POTUS: “In the coming years, we should build on that progress, by providing Pre-K for all”

WASHINGTON – Tonight in his final State of the Union address, President Obama acknowledged the tremendous progress that has been made advancing early childhood education during his administration, and he called for even greater achievements in the years to come.  This marks the fourth year in a row that early learning was included in the president’s annual address, highlighting what a high priority this issue is for the White House.

“Without question, President Obama has been an outstanding leader and steadfast champion for early childhood education,” said First Five Years Fund (FFYF) executive director Kris Perry. “The tremendous bipartisan achievements this administration has made with Congress to support America’s youngest learners has been nothing less than historic. We are incredibly grateful to President Obama for including early childhood education in his final State of the Union address, and for his efforts to bring national attention to the importance of strengthening our nation by investing in our greatest resource – our children.”

“We agree that real opportunity requires every American to get the education and training they need to land a good-paying job,” President Obama stated during the address. “The bipartisan reform of No Child Left Behind was an important start, and together, we’ve increased early childhood education, lifted high school graduation rates to new highs, and boosted graduates in fields like engineering. In the coming years, we should build on that progress, by providing Pre-K for all, offering every student the hands-on computer science and math classes that make them job-ready on day one, and we should recruit and support more great teachers for our kids.”

Brain scientists, educators, economists, and public health experts agree that quality early childhood programs produce greater outcomes for children and society. Investing in early childhood education is a solution that creates upward mobility through opportunity. What’s more, every dollar invested in quality early childhood education for disadvantaged children delivers economic gains of 7-10 percent per year through increased school achievement, healthy behavior, and adult productivity, according to Nobel Prize-winning economist James Heckman.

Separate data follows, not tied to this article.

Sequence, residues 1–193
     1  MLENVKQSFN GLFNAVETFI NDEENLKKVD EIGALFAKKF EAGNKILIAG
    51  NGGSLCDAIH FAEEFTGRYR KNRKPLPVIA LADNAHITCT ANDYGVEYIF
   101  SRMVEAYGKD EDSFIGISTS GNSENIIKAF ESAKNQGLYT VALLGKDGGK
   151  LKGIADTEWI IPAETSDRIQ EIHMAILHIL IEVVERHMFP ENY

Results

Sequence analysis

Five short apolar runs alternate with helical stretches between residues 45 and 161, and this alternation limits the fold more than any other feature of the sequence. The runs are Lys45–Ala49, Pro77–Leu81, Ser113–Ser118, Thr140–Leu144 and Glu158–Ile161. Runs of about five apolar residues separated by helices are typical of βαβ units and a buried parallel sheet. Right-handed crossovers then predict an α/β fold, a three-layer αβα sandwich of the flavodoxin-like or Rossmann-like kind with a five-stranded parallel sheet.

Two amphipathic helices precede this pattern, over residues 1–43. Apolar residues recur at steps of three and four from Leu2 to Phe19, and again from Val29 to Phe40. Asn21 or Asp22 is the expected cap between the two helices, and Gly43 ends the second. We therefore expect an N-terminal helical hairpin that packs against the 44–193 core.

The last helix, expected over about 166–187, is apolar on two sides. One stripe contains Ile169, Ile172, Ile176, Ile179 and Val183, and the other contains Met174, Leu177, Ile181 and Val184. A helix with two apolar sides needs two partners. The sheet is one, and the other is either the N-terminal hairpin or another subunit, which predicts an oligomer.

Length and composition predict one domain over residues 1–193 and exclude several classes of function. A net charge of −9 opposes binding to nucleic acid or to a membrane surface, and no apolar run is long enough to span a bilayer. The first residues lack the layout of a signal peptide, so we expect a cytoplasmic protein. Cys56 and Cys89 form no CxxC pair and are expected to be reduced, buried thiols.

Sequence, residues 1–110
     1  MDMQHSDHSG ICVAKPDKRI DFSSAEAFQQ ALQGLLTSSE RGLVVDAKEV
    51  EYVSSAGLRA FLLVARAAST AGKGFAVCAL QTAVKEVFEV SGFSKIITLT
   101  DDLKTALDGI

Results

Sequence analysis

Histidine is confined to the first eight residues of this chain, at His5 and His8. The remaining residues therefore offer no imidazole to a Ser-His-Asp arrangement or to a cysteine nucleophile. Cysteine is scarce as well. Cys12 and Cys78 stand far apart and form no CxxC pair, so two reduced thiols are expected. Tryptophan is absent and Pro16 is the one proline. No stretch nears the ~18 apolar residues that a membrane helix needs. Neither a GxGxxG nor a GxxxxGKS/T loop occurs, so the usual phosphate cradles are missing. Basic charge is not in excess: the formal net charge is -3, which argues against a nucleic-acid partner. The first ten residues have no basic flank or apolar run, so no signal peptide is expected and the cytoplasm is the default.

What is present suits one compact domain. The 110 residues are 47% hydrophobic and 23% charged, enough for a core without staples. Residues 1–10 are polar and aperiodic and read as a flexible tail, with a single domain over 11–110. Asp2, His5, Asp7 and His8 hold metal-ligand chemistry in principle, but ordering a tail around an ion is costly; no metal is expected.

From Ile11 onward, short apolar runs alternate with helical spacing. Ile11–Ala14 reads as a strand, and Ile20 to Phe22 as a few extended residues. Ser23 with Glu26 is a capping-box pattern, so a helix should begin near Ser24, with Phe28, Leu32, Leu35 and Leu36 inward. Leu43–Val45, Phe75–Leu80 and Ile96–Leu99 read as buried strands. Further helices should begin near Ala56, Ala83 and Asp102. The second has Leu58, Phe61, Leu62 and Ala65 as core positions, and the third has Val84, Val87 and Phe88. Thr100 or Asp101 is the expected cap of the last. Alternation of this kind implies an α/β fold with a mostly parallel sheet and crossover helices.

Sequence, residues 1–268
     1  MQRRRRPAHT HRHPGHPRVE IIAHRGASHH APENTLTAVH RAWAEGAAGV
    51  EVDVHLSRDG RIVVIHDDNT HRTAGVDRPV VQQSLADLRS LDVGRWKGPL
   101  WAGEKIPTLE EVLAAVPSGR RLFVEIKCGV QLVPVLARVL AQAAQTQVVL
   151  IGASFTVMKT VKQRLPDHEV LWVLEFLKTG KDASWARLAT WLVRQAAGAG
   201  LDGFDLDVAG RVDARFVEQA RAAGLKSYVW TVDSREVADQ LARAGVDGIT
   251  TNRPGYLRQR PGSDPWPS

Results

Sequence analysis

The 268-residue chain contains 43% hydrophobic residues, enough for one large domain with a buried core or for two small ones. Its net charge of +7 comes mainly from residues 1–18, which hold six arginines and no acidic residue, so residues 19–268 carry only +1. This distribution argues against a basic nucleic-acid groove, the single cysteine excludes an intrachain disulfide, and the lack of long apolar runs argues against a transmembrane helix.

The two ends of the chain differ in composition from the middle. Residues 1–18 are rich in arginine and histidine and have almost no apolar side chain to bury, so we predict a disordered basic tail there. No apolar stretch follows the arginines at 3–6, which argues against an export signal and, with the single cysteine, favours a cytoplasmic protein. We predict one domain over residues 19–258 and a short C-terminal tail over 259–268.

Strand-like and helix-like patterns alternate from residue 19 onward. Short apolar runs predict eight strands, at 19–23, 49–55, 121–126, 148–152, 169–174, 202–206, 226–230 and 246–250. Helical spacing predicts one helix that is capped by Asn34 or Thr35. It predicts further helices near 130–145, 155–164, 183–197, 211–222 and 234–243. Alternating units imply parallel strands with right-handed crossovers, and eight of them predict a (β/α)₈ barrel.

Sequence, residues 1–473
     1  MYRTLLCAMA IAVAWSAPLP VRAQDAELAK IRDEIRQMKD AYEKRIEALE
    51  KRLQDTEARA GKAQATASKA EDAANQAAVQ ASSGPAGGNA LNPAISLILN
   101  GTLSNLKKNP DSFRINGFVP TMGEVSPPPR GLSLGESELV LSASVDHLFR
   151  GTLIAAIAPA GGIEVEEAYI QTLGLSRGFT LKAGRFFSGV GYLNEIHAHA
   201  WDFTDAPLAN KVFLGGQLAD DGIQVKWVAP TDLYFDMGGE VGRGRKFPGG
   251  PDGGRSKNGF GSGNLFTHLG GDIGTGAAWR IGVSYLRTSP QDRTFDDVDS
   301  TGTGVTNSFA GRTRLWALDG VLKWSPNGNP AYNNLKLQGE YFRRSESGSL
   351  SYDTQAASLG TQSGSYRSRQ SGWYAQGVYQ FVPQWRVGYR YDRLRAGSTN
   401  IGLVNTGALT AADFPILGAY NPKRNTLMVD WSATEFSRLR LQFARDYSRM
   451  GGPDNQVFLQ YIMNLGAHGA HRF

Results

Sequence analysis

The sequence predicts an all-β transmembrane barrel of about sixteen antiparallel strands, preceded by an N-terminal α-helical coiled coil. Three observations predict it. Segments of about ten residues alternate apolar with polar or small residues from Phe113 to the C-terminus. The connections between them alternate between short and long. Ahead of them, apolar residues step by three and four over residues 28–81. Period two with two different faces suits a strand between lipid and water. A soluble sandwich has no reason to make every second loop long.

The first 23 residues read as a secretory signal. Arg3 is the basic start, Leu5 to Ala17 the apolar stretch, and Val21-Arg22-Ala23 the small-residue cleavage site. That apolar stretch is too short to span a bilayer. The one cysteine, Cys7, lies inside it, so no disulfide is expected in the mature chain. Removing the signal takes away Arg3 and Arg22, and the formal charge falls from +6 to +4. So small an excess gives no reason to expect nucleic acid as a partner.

Over the last year, the White House and Congress worked together in a bipartisan way to pass a number of early childhood education provisions.  The nation’s largest education bill, the Every Student Succeeds Act, now includes meaningful support for early learning. And the Appropriations Bill included nearly $1 billion in new money for early care and learning.

“The groundwork has been laid for the next president to work closely with Congress to achieve even more on early childhood education,” continued FFYF’s Kris Perry. “Experts agree that there’s work to be done to ensure young children, especially those in low-income families, have access to high quality early learning opportunities.  Regardless of who is elected in November, we will be working tirelessly over the next year to ensure he or she is able to convert the progress made over the last few years into something even greater for America’s youngest learners.”

About the First Five Years Fund

The First Five Years Fund helps America achieve better results in education, health and economic productivity through investments in quality early childhood education programs for disadvantaged children. FFYF provides knowledge, data, and advocacy – persuading federal policymakers to make investments in the first five years of a child’s life that create greater returns for all.